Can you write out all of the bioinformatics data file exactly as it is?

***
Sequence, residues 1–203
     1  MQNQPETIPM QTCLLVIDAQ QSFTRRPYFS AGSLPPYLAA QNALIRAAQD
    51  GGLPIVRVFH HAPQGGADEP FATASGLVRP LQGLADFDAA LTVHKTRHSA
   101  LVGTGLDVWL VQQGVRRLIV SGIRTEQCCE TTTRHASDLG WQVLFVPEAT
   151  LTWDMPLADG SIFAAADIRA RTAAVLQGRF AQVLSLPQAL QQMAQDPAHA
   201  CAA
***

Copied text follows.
Sequence, residues 1–203
     1  MQNQPETIPM QTCLLVIDAQ QSFTRRPYFS AGSLPPYLAA QNALIRAAQD
    51  GGLPIVRVFH HAPQGGADEP FATASGLVRP LQGLADFDAA LTVHKTRHSA
   101  LVGTGLDVWL VQQGVRRLIV SGIRTEQCCE TTTRHASDLG WQVLFVPEAT
   151  LTWDMPLADG SIFAAADIRA RTAAVLQGRF AQVLSLPQAL QQMAQDPAHA
   201  CAA